Stories

stories

Dennis Russell Mitchell, 1933–2019

 

My dad, Dennis Russell Mitchell, passed away in his sleep this morning.

I love this crazy photo of him (the first one). It’s perfect.

He played golf his entire life — until he couldn’t anymore — and he would always go the extra mile to get a laugh. He lived to make people laugh.

Dad was a complicated guy from a generation that wasn’t allowed to be complicated. He was the hardest worker I’ve ever known, and he believed in doing the right thing. He flew jets and trained fighter pilots. I don’t think he ever knew how cool he was.

He cherished his friends and would do anything for them. He could have a conversation with anybody. He was an athlete and a competitor. He started a company from nothing and built it into a business that allowed him to retire a few years younger than I am now.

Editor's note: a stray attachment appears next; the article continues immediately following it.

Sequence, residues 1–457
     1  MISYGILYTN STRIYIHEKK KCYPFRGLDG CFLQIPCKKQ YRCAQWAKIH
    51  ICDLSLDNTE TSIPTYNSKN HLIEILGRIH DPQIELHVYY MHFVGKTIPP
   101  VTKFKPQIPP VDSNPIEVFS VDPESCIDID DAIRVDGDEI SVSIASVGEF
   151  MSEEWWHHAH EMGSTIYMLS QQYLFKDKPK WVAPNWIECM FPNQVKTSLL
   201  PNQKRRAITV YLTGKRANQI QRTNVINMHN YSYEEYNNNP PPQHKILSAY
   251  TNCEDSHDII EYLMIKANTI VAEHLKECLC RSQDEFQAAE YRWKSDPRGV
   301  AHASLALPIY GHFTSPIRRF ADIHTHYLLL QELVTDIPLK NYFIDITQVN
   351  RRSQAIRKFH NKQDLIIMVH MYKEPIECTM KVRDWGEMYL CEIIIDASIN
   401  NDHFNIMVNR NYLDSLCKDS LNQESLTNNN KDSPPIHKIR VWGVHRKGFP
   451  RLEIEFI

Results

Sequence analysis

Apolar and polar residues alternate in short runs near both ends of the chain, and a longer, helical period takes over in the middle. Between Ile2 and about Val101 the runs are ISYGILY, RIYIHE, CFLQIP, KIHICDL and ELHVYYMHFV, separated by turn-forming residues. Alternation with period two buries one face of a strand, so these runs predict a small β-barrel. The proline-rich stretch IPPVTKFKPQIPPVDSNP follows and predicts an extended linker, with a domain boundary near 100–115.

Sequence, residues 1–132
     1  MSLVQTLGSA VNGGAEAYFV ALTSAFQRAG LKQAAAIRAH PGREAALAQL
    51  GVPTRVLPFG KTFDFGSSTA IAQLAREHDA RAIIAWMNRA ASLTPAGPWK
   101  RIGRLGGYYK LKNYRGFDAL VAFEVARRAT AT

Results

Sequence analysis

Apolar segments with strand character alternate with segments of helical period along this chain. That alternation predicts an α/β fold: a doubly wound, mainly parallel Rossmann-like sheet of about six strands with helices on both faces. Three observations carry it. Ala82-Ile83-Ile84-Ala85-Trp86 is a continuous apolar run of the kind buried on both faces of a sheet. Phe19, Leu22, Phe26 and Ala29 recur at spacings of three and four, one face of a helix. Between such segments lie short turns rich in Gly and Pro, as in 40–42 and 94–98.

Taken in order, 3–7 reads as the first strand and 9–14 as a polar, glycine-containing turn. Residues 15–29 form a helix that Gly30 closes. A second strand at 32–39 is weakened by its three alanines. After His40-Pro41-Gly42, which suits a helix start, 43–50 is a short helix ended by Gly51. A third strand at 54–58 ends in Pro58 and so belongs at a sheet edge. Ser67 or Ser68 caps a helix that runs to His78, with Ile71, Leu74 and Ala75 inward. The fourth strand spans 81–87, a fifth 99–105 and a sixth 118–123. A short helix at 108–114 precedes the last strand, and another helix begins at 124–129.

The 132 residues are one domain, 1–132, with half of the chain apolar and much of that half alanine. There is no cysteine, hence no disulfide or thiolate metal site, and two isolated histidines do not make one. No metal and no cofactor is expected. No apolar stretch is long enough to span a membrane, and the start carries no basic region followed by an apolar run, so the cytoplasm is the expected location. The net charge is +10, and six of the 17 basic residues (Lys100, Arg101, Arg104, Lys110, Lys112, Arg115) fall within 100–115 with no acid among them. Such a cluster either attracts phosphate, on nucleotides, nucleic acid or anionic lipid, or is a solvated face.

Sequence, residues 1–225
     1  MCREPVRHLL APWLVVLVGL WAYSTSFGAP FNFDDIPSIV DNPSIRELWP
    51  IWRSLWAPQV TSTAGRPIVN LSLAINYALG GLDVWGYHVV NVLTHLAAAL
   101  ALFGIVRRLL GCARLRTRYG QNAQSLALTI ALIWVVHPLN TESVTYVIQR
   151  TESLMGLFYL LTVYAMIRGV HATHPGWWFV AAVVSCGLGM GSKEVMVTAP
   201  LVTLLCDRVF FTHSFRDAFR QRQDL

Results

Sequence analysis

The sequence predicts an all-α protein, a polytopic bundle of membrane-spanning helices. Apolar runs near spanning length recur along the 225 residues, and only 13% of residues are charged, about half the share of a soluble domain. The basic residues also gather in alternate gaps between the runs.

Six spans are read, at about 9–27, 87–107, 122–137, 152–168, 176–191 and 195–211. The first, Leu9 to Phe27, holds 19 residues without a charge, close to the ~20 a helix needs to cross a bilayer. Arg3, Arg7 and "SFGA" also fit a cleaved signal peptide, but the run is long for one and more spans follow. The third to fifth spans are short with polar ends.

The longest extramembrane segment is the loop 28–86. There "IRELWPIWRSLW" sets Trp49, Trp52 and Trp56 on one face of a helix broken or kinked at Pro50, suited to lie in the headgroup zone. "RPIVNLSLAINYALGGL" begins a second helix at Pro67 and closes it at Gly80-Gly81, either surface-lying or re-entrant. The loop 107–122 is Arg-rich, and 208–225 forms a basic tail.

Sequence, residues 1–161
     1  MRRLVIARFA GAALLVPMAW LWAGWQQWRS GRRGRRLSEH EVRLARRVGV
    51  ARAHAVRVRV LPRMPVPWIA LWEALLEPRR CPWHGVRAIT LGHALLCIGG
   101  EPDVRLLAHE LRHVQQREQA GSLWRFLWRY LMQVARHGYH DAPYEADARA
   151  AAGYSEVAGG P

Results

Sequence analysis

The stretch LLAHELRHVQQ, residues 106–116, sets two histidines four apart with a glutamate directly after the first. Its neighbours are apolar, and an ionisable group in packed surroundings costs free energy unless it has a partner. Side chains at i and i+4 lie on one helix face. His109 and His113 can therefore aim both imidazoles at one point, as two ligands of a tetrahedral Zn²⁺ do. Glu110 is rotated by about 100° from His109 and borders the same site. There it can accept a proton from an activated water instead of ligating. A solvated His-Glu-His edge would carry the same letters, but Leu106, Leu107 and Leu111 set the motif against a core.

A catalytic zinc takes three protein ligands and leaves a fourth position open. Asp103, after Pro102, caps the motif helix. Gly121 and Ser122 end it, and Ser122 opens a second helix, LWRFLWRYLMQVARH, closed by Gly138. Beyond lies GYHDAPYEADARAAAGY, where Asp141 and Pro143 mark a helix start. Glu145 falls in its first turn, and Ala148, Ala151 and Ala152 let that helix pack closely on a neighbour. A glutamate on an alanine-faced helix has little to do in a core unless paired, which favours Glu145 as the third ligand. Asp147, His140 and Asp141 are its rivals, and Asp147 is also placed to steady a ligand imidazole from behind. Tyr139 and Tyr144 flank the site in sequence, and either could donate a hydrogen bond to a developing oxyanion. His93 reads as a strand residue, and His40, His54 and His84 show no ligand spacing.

He was capable of jaw-dropping generosity — he’s bailed a few of us out more than once.

Dad would’ve hated how his last few years played out. After all, there were lists to make and chores to do. He needed to be busy. I wouldn’t be surprised at all if his last thought as he faded away was wondering if his gutters needed to be cleaned out.

My guess at how he’s spent his time since passing?

Given that he left us at around 8:30 this morning, he’d have realized that there was still plenty of time in his Sunday to get in 18 holes. Though he hasn’t golfed in a few years, today he probably shot his age (85). And he still got home in time to mow the yard, trim the hedges, and edge the driveway. 

At 5:00 (on the nose — he strictly observed the cocktail hour), he mixed up a precisely-measured rum and coke, lit up a Kent, grabbed the crossword puzzle and headed out to the patio.

“Shannon, what’s a seven-letter word for ‘until we meet again’?”

“G-O-O-D-B-Y-E.” 

Rest in peace, Dad. We’ll miss you

 
Patrick Mitchell